A Guide to Korea's Spirits

Korean wild ginseng liquor, believed to have medicinal properties
Korean wild ginseng liquor, believed to have medicinal properties | © Republic of Korea / Flickr
Photo of Phoebe Taylor
18 June 2018

You’ve probably heard of soju. You might have even heard of makgeolli. But have you heard of bokbunjaju, cheongju or beolddeokju? Here’s our guide to Korea’s best spirits to tickle your tippling fancy. Geonbae!

Rice fermentation

Korea’s most popular spirits are made from rice, Asia’s staple food. To turn it into liquor, the rice is cooked in water and yeast, sweetener and nuruk (a traditional Korean fermentation starter) is added. This mixture is then fermented over varying periods of time to produce alcohol. A lot of alcoholic drinks end in the suffix –ju; this just means ‘alcohol’.


Soju is the most popular liquor in South Korea, and one of the best-selling spirits in the world. Its popularity owes much to its cheapness — a typical 335-millilitre soju bottle will set you back around 1,700 won (£1.15/US$1.55) at a convenience store. Traditionally, soju is made from rice, but many mass-produced brands now use ethanol derived from sweet potatoes. This practice is a relic from leaner times; in 1965, a rice shortage briefly led to a government ban on using rice to make soju. Although it’s rarely a gentle drink — it’s generally consumed for the sake of getting drunk, and its abrasive flavours are an acquired taste — it pairs very well with Korea’s punchy, meat-heavy cuisine, and hot, crispy fried bar snacks (known as anju). Some more expensive brands use techniques such as barrel-ageing to draw out more complex flavours, but generally it’s a fairly straight-up, distilled spirit. Fruity soju flavours are targeted to the youth market; they come in flavours such as pomegranate and blueberry. They’re sweeter than regular soju, with a lower alcohol content.


Makgeolli is Korea’s oldest alcoholic drink. It’s been brewed for nearly 2,000 years, and it’s easily quaffable thanks to its low alcohol percentage (normally around six to nine percent). Although it’s not always been fashionable — another name for it is nongju, which means ‘farmer’s wine’, as it was traditionally associated with the working classes and agricultural peasants — it’s always been widely drunk. It is an unfiltered beverage, so in contrast to soju it has an opaque, milky appearance and contains sediment. It’s sweet in flavour, with a mild tangy kick and a lightly carbonated fizz, and pairs perfectly with spicy Korean foods.

Various Korean makgeolli brands | © Republic of Korea / Flickr


Traditionally, cheongju was consumed by the Korean royal court. It is made using the same rice fermentation process as makgeolli, but whereas makgeolli uses the bottom layers of the fermented liquor, cheongju uses just the clear liquid that rises to the top. It’s therefore slightly more pure and less likely to induce hangovers (although obviously this depends on the quantity ingested). Cheongju is important in Korean tradition; as it’s seen as a ‘good’ (well-made) liquor, it’s used in rituals and offerings, including ancestral rites. It’s the Korean spirit closest to Japanese sake.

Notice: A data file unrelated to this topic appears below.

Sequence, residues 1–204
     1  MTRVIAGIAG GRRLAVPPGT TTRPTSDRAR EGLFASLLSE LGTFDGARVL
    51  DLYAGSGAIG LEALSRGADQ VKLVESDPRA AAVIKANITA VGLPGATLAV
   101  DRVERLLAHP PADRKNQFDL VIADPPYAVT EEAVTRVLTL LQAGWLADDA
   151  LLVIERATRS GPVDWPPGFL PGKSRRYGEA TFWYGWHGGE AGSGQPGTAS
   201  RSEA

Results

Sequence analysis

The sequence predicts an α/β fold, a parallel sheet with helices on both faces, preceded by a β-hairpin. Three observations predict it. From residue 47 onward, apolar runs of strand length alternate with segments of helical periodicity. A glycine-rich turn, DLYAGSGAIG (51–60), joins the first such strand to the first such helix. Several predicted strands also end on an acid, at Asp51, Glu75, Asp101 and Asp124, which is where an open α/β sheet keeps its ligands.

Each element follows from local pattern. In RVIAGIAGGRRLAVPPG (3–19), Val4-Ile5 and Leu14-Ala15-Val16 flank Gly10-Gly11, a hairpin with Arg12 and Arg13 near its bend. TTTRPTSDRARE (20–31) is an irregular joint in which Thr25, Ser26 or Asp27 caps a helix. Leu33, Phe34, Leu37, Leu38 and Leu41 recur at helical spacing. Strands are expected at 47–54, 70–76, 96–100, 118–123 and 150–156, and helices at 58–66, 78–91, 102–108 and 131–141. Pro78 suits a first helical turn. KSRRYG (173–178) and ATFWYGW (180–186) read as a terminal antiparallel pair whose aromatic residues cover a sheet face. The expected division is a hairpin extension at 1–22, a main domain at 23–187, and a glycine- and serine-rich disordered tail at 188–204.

Fruit wines

South Korea has a wide variety of fruit wines; although they’re not as well known as rice wines, fruit wines are arguably some of the tastiest drinks made in the country. One of the most popular is bokbunjaju, which can be found in every convenience store for around 6,000-7,000 won (£4.10-£4.80/US$5.40-6.30). This wine is made from Korean black raspberries (bokbunja). It’s dark red, tart and sweet, and believed to have health benefits including increased male stamina. Maesilju, or plum wine, is also popular. Plum wine is based on soju, and infused with either yellow or green plums. It’s moderately sweet and normally matured for at least three to six months, which gives the wine a more complex, mellow flavour. Other wines are made with fruits and flowers including grapes, apples, pomegranates, cherries, peaches, lotuses, yuzu and roses.

Medicinal spirits

Korean traditional medicine includes a variety of health-giving spirits (yagyongju). These are distilled with alcohol, roots, herbs and seeds. Nowadays they are generally consumed more for their recreational than their medicinal properties. Baekseju is one of the most popular, especially amongst young people, who often prefer its taste to the harsher soju. It is a rice-based wine, which is then infused with twelve herbs including ginseng, liquorice, ginger and cinnamon. Another popular medicinal spirit is chuseongju, which can be recognised by its bamboo-shaped bottle. It’s made to a traditional recipe, from rice and herbs. Beolddeokju is another easily recognised medicinal spirit; it’s believed to increase male stamina, and is sold in a phallic-shaped bottle, with a smiling ceramic face on the top. One for the brave is bemju; this distilled liquor is made by taking a jar of a spirit such as soju, adding a dead snake and setting the jar aside to age. The more poisonous the snake, the better — it’s a folk remedy which is believed to be most effective with a more venomous beast.

Ginseng liquor on display in South Korea | © theaucitron / Flickr

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